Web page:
Below is an example social media policy and guidelines that outdoor fitness, fitness boot camp and/or military-style fitness providers may find useful.Social Media

1.0     Introduction

As information and communications technology continues to move forward, making considerable advances, so too do the tools that enable us to communicate with, and unite people.

‘Social Media’ is the term used for the current wave of online tools, websites and interactive media (Appendix A) that enable users to interact with each other in various ways, through sharing information, opinions, knowledge and interests. Social media involves building online communities or networks, which encourage participation, dialogue and involvement.

Social media is at the forefront of modern communications; its capabilities are already being exploited by central and local government and various public and private organisations as a method of engagement with customers, stakeholders and partners. [insert company name], ‘the Company’, can benefit from taking a similar, innovative approach to communicating with people, which can lead to greater involvement with customers, increased efficiency and improvement of our reputation. It could also enable us to engage with harder-to-reach groups like those who are physically inactive. Rather than waiting for individuals or groups to approach the Company, social media offers the opportunity of being able to connect to the local, and wider, community, listen to what people are saying and engage with them on an equal footing, focusing on two-way communications rather than simply delivering messages. It may also empower our clients to speak up about their needs and influence decision making, in turn building trust and stronger bonds.

For social media to work effectively it is vital that it is used as part of the overall communications mix: up to date information about the Company, its services and engagement [business] activities must be posted on the corporate website and social media communications should signpost people to appropriate web pages where possible.

There are far too many social media sites to list but some of the most popular examples include Facebook, MySpace, Twitter and YouTube. The format and levels of interaction vary greatly from one to another. However, whenever staff use such sites they should still familiarise themselves with the guidance that is set out in this policy.

The Company needs to set clear guidelines for using social media sites to ensure they are used effectively as part of a wider communications mix and that their use does not expose the Company to security risks or reputational damage. Therefore, we need a comprehensive policy to effectively manage and regulate the corporate use of social media.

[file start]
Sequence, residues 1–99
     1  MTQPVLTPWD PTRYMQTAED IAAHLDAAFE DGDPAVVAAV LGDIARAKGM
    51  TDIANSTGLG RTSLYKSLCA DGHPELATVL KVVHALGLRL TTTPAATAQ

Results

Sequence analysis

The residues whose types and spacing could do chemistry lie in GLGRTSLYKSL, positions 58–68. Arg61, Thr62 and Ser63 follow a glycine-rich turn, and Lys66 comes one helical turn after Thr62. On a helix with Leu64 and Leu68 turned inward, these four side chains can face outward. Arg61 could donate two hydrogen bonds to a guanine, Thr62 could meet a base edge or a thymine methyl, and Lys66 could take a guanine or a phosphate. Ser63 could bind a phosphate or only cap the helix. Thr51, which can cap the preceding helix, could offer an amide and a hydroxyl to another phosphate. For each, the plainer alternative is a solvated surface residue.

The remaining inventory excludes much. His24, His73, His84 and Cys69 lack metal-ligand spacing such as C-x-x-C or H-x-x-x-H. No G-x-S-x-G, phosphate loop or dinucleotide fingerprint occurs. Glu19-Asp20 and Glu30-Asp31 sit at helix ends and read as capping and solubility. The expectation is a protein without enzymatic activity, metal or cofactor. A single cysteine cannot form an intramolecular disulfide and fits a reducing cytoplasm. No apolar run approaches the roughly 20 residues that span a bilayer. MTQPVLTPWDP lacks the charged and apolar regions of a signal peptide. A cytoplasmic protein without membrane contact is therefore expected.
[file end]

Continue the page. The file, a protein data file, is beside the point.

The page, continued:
1.1     Purpose and Aim of Policy

Social media offers great potential for building relationships and improving the products and services that we provide. This policy will clearly set out how social media can be managed effectively and how any risks or pitfalls can be avoided or mitigated.

As with any online activity there are often risks associated, the following types of risk have been identified with social media use:

  • Virus or other malware (malicious software) infection from infected sites;
  • Disclosure of confidential information;
  • Damage to the reputation of The Company;
  • Social engineering attacks (this is the act of manipulating people into disclosing confidential material or carrying out certain actions. Social engineering is often conducted by individuals fraudulently claiming to be a business or client);
  • Civil or Criminal action relating to breaches of legislation; and/or
  • Breach of Safeguarding.

In light of these risks, we need to regulate the use of social media sites and ensure that such use does not damage the Company, its employees, partners and our customers. Therefore, the aim of this policy is to ensure:

  • Engagement with individuals and partners and successful promotion of Company-based products and services through the use of social media.
  • A consistent and corporate approach is adopted and maintained in the use of social media.
  • That Company information remains secure and is not compromised through the use of social media.
  • That user’s operate within existing policies, guidelines and relevant legislation.
  • That the Company’s reputation is not damaged or adversely affected.

1.2     Scope

This policy applies to all employees (including managers and directors) and other workers (including casual and agency workers, secondees and contractors) who use the Company’s infrastructure and are granted access on the above grounds.

This policy shall not apply to users that are not included in the paragraph above. Such users will need to comply with their own policies on social media use.

Not everyone will be able to access social media sites and a business case is required for departments and staff wishing to have access to such websites and online tools.

2.0     Policy Statement

It is acknowledged that there is significant potential for using social media and that this can bring great advantages. The responsible, corporate use of social media is actively encouraged.

This policy provides a structured approach to using social media and will ensure that it is effective, lawful and does not compromise Company information or computer systems/networks.